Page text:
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Docker challenges virtualization market with containers

Joab Jackson | Feb. 7, 2014
The open source Docker container technology is taking on the server virtualization market, offering what some see as a faster alternative to running full virtual machines over hypervisors.

Docker is estimating that an application running in a container can go twice as fast as one in a virtual machine. Also, more containers can be packed into a single server, because the OS is not duplicated for each application.

Turnbull suggested that the interest that Docker has generated is due in part to its simplicity. It provides an API (application programming interface) that administrators can use to weave Docker images into a larger scripted workflow.

Containers "are a complex technology and require a complex set of configuration and command line use. We provide an interface that wraps all around that and abstract it away for you," Turnbull said.

The development team for the software, which included over 120 volunteer contributors for this release, concentrated on fixing the bugs in the software, as well as cleaning up the code, improving stability, catching up on the documentation and boosting performance.

The developers "will continue to focus on quality until it becomes a defining characteristic of Docker," Hykes wrote.

Many of the improvements in version 0.8 have been around making the software go faster. Images and containers can be removed from a system much more quickly. The Docker daemon starts and stops much more quickly. Building source images is quicker. A new caching layer, which was the most requested feature, eliminates the need to upload an image from disk again, if it hasn't been changed since the last time it was called.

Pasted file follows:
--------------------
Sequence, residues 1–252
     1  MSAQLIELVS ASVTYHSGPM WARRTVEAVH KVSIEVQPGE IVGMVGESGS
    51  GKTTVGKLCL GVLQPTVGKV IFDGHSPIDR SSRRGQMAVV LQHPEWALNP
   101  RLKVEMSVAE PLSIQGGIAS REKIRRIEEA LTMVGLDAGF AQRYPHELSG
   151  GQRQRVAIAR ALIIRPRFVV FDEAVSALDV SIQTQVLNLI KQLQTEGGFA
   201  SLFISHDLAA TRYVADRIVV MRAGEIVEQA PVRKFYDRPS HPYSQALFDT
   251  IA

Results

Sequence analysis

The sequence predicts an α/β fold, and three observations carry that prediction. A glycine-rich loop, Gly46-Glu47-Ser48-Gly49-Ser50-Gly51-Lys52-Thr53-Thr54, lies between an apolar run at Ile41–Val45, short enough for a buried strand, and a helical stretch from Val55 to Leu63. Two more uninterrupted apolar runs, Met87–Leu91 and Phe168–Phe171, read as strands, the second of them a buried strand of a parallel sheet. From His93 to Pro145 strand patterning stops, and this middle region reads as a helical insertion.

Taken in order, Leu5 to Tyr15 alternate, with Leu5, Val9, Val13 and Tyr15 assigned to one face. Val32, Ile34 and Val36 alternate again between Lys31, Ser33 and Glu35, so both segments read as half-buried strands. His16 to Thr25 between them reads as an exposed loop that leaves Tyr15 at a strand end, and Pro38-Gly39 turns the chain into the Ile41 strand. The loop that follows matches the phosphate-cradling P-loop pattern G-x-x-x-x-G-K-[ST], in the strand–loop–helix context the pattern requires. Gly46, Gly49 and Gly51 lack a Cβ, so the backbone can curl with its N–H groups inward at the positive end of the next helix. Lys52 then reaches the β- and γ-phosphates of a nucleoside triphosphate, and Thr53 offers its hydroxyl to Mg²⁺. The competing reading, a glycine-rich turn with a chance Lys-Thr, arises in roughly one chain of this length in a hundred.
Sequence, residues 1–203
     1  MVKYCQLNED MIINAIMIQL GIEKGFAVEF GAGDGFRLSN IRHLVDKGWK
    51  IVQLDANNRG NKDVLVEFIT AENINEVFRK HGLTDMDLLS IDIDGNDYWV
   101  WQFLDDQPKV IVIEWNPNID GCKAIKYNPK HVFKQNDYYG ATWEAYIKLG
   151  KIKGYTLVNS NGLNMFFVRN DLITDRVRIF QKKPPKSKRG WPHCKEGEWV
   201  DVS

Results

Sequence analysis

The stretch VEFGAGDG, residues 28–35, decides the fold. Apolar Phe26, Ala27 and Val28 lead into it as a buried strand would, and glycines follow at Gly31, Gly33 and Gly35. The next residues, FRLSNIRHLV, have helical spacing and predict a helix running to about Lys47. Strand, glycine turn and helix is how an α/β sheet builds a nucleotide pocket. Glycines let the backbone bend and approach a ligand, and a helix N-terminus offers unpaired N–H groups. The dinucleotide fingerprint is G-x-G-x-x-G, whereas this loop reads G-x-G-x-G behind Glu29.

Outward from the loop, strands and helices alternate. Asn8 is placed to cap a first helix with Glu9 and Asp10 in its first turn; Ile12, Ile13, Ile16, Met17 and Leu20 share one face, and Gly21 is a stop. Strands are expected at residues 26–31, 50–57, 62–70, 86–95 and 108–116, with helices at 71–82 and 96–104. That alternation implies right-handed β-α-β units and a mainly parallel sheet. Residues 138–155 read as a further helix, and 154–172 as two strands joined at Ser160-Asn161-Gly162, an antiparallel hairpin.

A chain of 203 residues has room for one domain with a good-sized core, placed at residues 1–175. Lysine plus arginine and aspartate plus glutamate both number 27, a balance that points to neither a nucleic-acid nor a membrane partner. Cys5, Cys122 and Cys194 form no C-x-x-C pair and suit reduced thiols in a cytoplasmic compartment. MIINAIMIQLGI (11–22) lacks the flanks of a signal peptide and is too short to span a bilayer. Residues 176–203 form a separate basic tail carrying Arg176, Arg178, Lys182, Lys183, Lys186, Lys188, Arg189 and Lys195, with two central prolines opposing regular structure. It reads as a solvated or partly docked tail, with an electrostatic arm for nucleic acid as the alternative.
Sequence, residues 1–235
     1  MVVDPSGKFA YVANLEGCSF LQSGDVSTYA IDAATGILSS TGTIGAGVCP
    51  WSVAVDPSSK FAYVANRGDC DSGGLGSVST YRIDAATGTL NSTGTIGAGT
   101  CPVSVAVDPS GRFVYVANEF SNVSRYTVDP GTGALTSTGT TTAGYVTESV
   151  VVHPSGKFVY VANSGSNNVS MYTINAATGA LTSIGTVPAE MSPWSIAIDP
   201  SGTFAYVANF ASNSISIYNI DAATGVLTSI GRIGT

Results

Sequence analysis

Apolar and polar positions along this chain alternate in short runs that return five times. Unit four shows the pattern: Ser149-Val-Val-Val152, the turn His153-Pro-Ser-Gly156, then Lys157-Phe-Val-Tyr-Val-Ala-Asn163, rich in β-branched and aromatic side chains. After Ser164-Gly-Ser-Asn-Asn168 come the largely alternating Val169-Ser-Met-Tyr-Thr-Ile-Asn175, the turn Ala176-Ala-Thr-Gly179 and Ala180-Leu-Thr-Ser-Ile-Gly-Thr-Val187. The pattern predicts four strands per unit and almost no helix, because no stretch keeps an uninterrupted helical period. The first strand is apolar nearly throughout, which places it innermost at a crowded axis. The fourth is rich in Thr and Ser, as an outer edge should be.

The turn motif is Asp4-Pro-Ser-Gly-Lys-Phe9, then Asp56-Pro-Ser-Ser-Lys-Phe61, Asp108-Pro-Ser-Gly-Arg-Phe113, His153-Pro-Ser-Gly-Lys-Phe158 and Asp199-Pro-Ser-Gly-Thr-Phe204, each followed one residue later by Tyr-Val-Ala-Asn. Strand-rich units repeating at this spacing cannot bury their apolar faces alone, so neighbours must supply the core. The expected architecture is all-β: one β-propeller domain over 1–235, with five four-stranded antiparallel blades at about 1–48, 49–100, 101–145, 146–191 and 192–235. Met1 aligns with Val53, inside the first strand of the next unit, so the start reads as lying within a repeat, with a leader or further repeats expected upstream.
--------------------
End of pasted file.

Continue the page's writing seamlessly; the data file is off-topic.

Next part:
Other improvements include a smaller memory footprint, the ability to create a larger number of containers and the elimination of several race conditions, which should make the software more stable.

The developers did save some time for new features, however.

For instance, Docker 0.8 client provides a small virtual machine, called Boot2Docker, that allows a developer to build a Docker container on an Apple Macintosh OS X workstation.

"It's a big step forward for developers who are doing local testing and development with Docker," Turnbull said. "Developers on OS X can make container, and connect to a Docker server and launch the container from there."

Originally designed to run on Linux, the software is being reconfigured as a plug-in architecture that could allow it to work on other platforms as well, such as Microsoft Windows, through the use of a hypervisor.

The software also supports, for the first time, the experimental BTRFS (B-Tree File System).

Going forward, Docker will be updated once a month, with the next release, 0.9, issued in early March. New editions may or may not have major new features.

"If a feature is merged before the release date, it gets released. Otherwise, the next merge window is only a month away," Hykes wrote.


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